It's with the illustration of free electrons, like the ones who form our league, that provoked some thoughts of the men who make up the Ligue Fédérale des As. It's often the members of a league who make it special, and choosing them wisely is not a simple matter. From one league to another, the game is the same, other than a few different rules, but the personalities who reside in a league vary widely.

It's true, the people who run a league have to work with those who want to take part in the activity, but it's also their responsibility to accept members who are ready to play the game and go along with the level of decorum desired by the group. Once we've gathered together the players we want, and set aside the undesirables, the remaining task is to balance out the group among the different teams. This is probably the trickiest part, because you need a mix of leaders in the room and on the ice, and people who play with quiet determination as well as the odd big mouth. Great players, along with those of more limited talent but who play with guts and all they have. Next, the choice of goaltender must be factored in, as well as the egos of those who make up the chemistry of each team. There are several ways to accelerate the cohesion of a group, but the fact remains that sometimes some characters are incompatible, and it's in those cases, and when a team has trouble getting rolling, we have to act.

This is just one part of the recipe to build a league and attract new players, but who are they, where do they come from, and what do they have in common? In general, they share a love of the game, but there's more. There lives in them, even in the most serious and stoic among them, the little boy who doesn't want to get old and doesn't want to go in for dinner when the most beautiful sound in the world is his skate blades cutting into the ice.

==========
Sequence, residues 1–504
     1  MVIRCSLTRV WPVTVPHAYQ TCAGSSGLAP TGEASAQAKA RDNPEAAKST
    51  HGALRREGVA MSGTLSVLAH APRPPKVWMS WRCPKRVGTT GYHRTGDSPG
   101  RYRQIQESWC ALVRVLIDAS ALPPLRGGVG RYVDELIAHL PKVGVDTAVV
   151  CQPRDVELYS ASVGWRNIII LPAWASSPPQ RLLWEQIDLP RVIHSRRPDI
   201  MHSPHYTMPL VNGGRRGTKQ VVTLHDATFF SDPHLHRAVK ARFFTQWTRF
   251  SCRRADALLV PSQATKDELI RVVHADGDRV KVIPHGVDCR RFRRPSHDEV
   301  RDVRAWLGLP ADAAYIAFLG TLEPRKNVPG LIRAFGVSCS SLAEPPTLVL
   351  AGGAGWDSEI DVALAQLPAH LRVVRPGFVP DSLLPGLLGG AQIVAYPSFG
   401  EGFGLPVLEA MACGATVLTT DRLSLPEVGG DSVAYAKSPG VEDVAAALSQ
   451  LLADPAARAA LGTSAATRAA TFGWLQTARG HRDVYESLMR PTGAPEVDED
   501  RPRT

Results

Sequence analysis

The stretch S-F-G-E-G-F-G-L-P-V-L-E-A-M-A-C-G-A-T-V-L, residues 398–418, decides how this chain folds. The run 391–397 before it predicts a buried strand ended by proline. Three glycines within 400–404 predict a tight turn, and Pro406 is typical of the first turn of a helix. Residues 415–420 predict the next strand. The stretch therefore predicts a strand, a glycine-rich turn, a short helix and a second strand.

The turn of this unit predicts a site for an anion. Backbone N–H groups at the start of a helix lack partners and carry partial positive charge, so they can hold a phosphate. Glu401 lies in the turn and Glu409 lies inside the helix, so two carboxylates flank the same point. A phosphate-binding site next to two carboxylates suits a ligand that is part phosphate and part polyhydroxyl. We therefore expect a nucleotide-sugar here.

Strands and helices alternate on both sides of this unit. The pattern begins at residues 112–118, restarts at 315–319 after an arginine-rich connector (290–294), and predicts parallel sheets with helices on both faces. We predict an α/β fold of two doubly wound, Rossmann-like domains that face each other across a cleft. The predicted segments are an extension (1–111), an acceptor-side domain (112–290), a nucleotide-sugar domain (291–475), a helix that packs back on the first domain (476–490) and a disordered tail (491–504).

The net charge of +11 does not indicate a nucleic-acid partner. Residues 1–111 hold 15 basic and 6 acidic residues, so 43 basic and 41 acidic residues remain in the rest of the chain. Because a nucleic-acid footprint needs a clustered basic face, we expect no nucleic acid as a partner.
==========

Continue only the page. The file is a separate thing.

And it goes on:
When they're on the ice,  players are all equal: a senior manager at an international company, carpenters, musicians, they all forget the people who surround them day to day, the people who dictate their moves. Like an orchestra conductor, the referee gets their attention with a whistle, the clock starts to tick as he drops the puck and unleashes the dreams of millions of players.

The puck is launched into play, and at the same time all references to time, except the game clock, are erased. It is no longer men who play, but the soul that lives within them. Age, physical condition, what's going on in their heads, are forgotten in the whirlwind dictated by the bounce of the puck and the bodies gliding on the ice in search of the perfect play of their dreams, like a Bobby Orr or Sidney Crosby today. Of course, the reality of a goaltender is a complete other story, but that is for another day. . .